Don't Leave the Door Open

Don’t Leave the Door Open: Best Practices for Avoiding Student Grievances

Presented by Dr. Robert Caldwell, Dr. Kathy Doig, and Dr. Thomas F. Wolff

Tuesday, September 15, 2015 11:30 - 1:30

1425 Biomedical Physical Sciences Building

Abstract It probably goes without saying that faculty want to avoid having students bring formal grievances against them. In order to avoid grievances, it is useful to understand the sorts of things students actually grieve. Dr. Robert Caldwell, University Ombudsman, will summarize and categorize the course-related situations that result in student grievances. Among the things that Dr. Caldwell will highlight are instances when faculty violations of University policy open the door for grievances. Dr. Thomas Wolff, formerly Associate Dean, College of Engineering, will review University policies that are especially pertinent to preventing the common types of grievances. Participants will then have ample opportunity to pose questions to the panelists, also including Dr. Kathy Doig, former Associate Dean, College of Natural Science, and participate in discussion of best practices that help close the door to grievances and create a fair and comfortable course environment – for students AND faculty.

Robert Caldwell received his BA degree from the University of Rochester, and his MA and PhD in Psychology from the University of Colorado. He has been at MSU since 1982 and is currently MSU’s fifth University Ombudsperson. Previously he was a faculty member in the Department of Psychology, Associate Chair of Psychology, Associate Dean in the College of Social Science, and the Faculty Excellence Advocate in the College of Social Science. His research interests explore effective ways to prevent child abuse and neglect. About the Office of the University Ombudsperson. The Ombudsperson’s office was created in 1967 to protect student rights and help resolve the inevitable conflicts and disputes that arise between students and the faculty and staff of the University. Students accused of academic misconduct can be referred to the Ombudsperson where they learn of their rights and the process they have engaged. Faculty faced with conflicts with students can call the Ombudsperson (353-8830) to get advice on how to handle the situation so that students are treated fairly and respectfully.

Kathy Doig, PhD, MLS(ASCP)CMSHCM , a certified medical laboratory professional, is a long time member of the faculty at Michigan State since completing her doctorate in Adult and Continuing Education at MSU. She has held administrative positions as Block I Director in the College of Human Medicine, Program Director of Biomedical Laboratory Diagnostics and its accredited Clinical Laboratory Science major, and Associate Dean for Undergraduate Education in the College of Natural Science. Her research focused on work force and educational trends affecting medical laboratory professionals. Dr. Doig’s technical specialty is laboratory hematology and hemostasis, which have been her main teaching responsibilities. Her teaching and advising have been honored by the College of Natural Science with the Teaching Prize and Outstanding Academic Advisor Award. She has been a contributing author to four editions of Rodak’s Hematology: Clinical Principles and Applications, and editor of the third edition. Dr. Doig has served the medical laboratory science professional community in numerous roles, but most prominently as president of the National Credentialing Agency for Laboratory Personnel. She has numerous honors for her publications and service that include the highest honors from the American Society for Clinical Laboratory Science - Medical Technologist of the Year, Mendelson Award, and Board of Directors Awards.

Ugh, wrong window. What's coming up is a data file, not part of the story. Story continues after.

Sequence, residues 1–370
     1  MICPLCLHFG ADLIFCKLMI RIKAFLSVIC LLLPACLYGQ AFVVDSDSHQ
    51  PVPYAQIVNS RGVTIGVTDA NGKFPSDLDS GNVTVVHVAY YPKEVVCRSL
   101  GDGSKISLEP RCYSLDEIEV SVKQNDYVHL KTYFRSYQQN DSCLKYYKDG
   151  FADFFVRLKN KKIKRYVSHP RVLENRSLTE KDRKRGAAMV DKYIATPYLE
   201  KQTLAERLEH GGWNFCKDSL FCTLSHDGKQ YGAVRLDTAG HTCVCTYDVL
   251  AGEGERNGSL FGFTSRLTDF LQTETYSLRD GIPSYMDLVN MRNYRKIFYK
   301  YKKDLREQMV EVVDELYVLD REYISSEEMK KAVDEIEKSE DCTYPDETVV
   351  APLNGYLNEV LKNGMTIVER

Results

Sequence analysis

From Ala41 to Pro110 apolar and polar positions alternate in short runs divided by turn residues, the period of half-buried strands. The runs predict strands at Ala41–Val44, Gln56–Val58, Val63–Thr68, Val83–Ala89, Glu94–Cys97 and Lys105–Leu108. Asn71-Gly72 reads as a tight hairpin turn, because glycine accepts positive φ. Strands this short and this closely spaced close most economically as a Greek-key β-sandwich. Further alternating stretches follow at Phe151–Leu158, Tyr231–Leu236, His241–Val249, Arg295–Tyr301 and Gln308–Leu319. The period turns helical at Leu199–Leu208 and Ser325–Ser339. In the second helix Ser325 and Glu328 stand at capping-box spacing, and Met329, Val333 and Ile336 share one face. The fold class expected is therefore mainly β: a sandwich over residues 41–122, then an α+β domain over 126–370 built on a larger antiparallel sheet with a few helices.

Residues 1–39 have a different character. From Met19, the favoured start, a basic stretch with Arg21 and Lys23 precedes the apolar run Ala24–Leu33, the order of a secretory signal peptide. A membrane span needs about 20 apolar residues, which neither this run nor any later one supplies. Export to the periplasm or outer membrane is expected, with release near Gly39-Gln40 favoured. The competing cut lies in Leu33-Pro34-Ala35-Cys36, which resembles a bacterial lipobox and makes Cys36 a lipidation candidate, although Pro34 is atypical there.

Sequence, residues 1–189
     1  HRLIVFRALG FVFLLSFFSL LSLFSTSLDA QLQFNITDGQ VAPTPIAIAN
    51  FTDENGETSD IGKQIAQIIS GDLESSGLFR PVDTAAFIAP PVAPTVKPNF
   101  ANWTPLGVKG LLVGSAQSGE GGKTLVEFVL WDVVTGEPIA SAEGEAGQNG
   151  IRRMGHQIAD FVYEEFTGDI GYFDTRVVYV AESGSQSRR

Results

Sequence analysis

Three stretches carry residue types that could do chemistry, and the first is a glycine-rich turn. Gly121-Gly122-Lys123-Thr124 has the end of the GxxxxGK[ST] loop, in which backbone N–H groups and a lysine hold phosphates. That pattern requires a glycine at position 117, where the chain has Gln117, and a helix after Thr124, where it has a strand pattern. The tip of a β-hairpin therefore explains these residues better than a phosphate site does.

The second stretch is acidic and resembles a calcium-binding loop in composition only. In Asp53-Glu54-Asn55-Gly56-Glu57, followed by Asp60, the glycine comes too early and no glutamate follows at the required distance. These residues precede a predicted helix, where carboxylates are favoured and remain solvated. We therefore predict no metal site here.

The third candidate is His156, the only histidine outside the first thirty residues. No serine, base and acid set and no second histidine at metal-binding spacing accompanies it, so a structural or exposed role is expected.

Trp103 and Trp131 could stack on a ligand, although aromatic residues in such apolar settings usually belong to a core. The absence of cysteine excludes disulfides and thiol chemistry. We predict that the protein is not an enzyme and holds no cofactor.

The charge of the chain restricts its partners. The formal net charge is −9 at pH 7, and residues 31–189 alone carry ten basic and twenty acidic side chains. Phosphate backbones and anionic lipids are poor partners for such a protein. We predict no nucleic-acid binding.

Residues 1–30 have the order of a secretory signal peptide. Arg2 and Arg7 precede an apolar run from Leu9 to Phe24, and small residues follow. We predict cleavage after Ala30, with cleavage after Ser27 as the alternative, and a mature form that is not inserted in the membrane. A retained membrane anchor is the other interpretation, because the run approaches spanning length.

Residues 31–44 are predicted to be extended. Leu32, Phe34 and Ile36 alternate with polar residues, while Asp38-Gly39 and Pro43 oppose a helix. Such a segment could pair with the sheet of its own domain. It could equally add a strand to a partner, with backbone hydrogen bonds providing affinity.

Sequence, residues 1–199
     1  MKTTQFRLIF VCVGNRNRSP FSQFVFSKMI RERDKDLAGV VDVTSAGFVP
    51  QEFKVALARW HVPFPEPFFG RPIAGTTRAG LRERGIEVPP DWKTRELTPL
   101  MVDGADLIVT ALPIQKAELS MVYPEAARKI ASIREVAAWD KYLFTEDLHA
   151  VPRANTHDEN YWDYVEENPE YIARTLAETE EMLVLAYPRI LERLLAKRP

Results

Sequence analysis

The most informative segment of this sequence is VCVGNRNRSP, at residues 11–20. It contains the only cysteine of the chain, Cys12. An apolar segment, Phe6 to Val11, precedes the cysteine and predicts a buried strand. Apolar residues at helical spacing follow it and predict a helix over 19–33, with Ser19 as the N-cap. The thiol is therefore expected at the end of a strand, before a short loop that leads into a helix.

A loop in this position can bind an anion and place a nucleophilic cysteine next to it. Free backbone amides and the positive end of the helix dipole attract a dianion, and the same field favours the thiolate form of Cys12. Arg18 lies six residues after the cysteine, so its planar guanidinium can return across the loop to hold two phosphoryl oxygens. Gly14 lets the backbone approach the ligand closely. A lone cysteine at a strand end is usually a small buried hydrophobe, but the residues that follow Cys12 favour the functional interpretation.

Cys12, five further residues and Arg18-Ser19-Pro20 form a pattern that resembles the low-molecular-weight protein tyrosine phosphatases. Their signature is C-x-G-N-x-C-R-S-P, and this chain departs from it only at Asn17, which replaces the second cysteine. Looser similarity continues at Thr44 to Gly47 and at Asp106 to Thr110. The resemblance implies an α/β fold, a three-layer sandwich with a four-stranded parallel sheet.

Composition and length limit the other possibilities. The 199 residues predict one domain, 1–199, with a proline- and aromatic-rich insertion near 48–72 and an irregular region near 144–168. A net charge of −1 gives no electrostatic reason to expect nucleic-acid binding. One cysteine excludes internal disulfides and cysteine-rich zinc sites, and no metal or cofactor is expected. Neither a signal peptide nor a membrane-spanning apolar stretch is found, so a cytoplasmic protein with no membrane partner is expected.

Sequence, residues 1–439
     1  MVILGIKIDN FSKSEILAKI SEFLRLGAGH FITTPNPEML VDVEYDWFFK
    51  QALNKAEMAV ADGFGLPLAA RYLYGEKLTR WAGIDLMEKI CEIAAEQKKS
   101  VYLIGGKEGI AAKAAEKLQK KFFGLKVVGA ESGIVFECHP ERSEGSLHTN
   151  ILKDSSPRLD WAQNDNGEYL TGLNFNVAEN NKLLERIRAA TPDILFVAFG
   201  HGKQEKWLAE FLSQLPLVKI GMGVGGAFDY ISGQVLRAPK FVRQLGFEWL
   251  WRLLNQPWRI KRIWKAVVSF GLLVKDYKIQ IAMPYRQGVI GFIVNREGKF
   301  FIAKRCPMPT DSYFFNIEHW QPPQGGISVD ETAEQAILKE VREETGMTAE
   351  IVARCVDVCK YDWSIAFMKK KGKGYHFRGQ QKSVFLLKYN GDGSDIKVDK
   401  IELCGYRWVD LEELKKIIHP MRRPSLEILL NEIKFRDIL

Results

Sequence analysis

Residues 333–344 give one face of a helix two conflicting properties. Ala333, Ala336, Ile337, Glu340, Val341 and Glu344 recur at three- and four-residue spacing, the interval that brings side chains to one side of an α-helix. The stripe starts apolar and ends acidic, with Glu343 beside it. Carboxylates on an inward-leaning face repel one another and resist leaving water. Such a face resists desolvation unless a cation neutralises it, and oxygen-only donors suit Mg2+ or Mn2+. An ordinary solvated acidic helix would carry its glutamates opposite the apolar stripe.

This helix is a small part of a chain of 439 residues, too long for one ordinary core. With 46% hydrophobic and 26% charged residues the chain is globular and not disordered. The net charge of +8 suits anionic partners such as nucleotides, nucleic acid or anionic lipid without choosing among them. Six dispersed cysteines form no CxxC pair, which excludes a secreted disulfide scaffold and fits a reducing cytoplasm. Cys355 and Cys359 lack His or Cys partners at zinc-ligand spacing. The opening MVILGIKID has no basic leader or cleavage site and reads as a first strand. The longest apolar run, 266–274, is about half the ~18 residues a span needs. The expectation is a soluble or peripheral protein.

Dr. Thomas F. Wolff is serving as Interim Chairperson of the Department of Civil and Environmental Engineering during his consultantship year prior to retirement. From 1998 to 2015, he served as Associate Dean of Engineering for Undergraduate Studies and was responsible for academic administration, first year programs, advising, career services, planning, engineering women and diversity programs and curricular issues. As a faculty member in civil engineering, his teaching includes courses in geotechnical engineering, reliability, and an introductory course in civil engineering. His research and consulting activities have focused on the safety and reliability of hydraulic structures, and he has participated as an expert in three different capacities regarding of levee performance in Hurricane Katrina. He is a three-time recipient of his college’s Withrow Award for Teaching Excellence, a recipient of the Chi Epsilon Regional Teaching Award, a recipient of the Resource Center for Persons with Disabilities Judy K. Gentile Award and a recipient of the U.S. Army Commander’s Medal for Public Service. He also serves as National Vice-President of Chi Epsilon, the national civil engineering honor society.

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